• ‘How Can You Not Love Christmas’

    Christians-PerfectI love the winter season, but I am not a fan of Christmas. The other day, I was asked by someone who didn’t know I was an atheist, how can I not love Christmas.

    Well, for starters the fact that the person asking the question assumed that I was a Christian is part of the reason. I find that at Christmas time, many Christians are on their absolute worst behavior when it comes to non-Christians – and that is saying something considering that so many Christians aren’t really well behaved toward non-Christians during any other part of the year either.

    Don’t get me wrong here, I am not referring to ALL Christians when I say this, but the fact is that a large number of Christians seem to claim the entire month of December as their exclusive holiday. Some may grudgingly allow Jews to celebrate their minor holiday of Hanukkah without much fuss, but that is only because they believe Jesus was Jewish and Christianity be basically a sequel to Judaism anyway. According to many Christians, if you are not celebrating Christmas and you don’t have the approved excuse of being Jewish, then you aren’t allow to have any fun during the entire month of December. The fact that it is widely known that Christians pretty much stole Christmas from other pagan religions and traditions is almost completely forgotten.

    The reality is that the winter season has always been a time for celebration and festivities. Different people just have different excuses for why they are celebrating and what traditions are a part of those festivities.

    Winter is cold and depressing, so the best way to cheer people up is with celebrations. This is the real reason for the season… or at least the reason we celebrate the season. I’m all for that. I have no problem with celebrating the winter season, but my issue is with Christians who are even more intolerant and insufferable than they usually are during this time of year.

    To be honest, I’m also not a fan of the music that plays 24/7 nearly everywhere I go. It has nothing to do with religion; it is just bad music. Music is a matter of taste and I know plenty of non-religious people who love the music even the religious music, but for me it is just too high pitched. It is annoying and it plays everywhere all the time. There is no escape.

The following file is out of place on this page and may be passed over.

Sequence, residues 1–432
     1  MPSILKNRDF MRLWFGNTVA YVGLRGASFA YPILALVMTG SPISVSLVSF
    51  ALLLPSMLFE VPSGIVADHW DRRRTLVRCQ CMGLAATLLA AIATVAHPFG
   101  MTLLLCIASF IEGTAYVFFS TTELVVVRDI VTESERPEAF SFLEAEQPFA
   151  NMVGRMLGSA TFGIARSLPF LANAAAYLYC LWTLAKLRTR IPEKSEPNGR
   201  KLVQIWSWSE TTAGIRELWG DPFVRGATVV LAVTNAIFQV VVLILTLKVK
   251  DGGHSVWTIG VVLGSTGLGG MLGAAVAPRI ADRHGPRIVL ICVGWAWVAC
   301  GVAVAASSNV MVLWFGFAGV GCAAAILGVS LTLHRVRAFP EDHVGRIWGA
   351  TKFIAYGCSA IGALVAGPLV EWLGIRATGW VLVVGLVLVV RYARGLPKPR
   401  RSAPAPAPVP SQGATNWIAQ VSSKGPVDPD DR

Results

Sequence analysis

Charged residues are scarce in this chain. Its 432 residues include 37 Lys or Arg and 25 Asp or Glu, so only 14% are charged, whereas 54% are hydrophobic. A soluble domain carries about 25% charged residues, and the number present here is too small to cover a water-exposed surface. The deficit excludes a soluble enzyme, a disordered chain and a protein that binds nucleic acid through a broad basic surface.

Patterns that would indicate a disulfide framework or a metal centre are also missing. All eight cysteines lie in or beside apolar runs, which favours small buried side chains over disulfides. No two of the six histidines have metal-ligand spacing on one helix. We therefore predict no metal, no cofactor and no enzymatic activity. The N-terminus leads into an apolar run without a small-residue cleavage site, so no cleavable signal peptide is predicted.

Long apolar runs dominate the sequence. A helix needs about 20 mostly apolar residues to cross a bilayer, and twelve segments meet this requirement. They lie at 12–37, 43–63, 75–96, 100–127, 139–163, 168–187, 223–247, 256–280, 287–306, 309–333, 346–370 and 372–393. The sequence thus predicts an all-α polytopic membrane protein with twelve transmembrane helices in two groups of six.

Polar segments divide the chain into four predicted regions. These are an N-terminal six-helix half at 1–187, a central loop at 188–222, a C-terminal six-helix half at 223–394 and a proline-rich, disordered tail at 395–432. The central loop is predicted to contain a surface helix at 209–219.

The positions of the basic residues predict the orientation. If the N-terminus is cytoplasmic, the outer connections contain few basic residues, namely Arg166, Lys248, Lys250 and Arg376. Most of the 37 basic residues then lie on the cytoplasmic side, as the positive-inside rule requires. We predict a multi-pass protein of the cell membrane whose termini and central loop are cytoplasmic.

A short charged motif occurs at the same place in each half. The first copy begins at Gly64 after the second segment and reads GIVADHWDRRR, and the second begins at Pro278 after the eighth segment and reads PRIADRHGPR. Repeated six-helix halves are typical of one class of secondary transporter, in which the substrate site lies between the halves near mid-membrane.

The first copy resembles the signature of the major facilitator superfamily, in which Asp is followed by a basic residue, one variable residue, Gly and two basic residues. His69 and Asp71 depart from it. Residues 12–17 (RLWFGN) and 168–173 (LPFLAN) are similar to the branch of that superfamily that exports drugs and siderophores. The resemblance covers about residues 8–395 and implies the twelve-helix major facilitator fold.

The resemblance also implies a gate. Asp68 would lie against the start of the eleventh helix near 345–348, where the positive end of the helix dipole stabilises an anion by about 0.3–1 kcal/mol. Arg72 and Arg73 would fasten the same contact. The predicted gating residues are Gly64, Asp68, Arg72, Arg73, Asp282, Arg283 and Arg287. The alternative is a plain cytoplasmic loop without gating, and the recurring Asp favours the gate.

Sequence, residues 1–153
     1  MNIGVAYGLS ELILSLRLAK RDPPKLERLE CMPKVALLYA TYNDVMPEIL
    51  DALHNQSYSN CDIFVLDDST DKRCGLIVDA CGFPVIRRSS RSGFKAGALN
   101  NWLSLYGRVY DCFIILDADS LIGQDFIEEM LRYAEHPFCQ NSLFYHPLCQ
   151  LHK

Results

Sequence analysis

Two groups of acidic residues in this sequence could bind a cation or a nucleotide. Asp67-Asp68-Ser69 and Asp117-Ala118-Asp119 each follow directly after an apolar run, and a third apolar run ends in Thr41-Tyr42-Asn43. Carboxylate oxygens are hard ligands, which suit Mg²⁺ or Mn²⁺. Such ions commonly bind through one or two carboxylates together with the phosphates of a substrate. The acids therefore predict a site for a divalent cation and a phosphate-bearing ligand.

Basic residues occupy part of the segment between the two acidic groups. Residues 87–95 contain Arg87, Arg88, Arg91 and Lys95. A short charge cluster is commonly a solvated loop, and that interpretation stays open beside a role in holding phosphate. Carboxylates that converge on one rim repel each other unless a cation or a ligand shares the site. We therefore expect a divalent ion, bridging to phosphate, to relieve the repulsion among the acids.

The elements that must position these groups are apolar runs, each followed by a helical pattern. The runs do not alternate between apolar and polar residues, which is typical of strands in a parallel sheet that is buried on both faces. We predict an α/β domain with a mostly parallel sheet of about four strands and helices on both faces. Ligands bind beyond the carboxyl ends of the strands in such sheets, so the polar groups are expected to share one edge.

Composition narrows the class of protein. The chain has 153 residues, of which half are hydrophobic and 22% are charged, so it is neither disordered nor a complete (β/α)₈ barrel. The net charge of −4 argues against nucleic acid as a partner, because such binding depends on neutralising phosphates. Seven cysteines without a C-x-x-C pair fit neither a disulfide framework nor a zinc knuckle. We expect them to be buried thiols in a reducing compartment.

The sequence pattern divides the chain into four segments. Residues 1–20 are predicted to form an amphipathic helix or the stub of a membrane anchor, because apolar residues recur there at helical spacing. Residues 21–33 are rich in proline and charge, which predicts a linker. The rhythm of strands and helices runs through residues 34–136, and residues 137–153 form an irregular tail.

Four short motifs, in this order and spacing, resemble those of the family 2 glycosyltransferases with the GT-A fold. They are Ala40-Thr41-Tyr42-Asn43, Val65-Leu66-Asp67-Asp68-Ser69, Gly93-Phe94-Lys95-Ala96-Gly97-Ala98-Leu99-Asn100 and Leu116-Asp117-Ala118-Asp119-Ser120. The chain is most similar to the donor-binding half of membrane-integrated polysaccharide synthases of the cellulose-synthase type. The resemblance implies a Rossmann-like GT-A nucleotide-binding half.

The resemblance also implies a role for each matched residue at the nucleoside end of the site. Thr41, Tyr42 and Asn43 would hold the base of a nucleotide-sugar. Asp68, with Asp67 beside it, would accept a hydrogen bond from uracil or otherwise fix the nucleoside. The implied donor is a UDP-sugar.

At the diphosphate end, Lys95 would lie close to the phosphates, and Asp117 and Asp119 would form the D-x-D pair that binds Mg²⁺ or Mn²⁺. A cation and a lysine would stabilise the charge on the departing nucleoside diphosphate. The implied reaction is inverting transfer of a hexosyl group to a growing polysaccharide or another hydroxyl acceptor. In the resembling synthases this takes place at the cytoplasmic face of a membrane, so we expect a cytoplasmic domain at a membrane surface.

I also don’t approve of the Christmas lying. Yeah, I’m talking about Santa. Parents use Santa as an excuse for not getting their kids every new toy they desire instead of just telling their kids that they can’t have every new toy. Santa becomes a convenient scapegoat. I think it is more constructive to tell kids that toys cost money and that parents can’t afford to buy everything.

    The worst part of this Christmas lying is that I am expected to lie too. If some kid comes up to me asking about Santa, I am supposed to “play along” and lie about Santa’s existence. I don’t want to lie. I don’t feel comfortable lying to a kid about Santa. But if I tell the truth, I am “ruining” Christmas. This whole lying thing is ruining my Christmas. Kids can still have fun with the whole Santa thing and still understand that Santa doesn’t exist.

    My four-year-old son is used to people dressing up in costumes because we go to the Wizard World Comic Convention every year. There he sees multiple Darth Vaders walking around and so he understands that they are just people in costumes. Santa is no different to him. He still enjoys the holiday season and nothing is ruined for him at all. But now, he is expected to lie about Santa too.

    These are all minor complaints, but they pervade the season and make this Christmas a stressful and less enjoyable time of year. It’s not easy being an atheist at Christmas… although I do have fun criticizing the birth of Jesus story during this time of year. But I do try to save that for the fundamentalists who are even more arrogant than usual this time of year.

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    Category: AtheismChristmasfeatured


    Article by: Staks Rosch

    Staks Rosch is a writer for the Skeptic Ink Network & Huffington Post, and is also a freelance writer for Publishers Weekly. Currently he serves as the head of the Philadelphia Coalition of Reason and is a stay-at-home dad.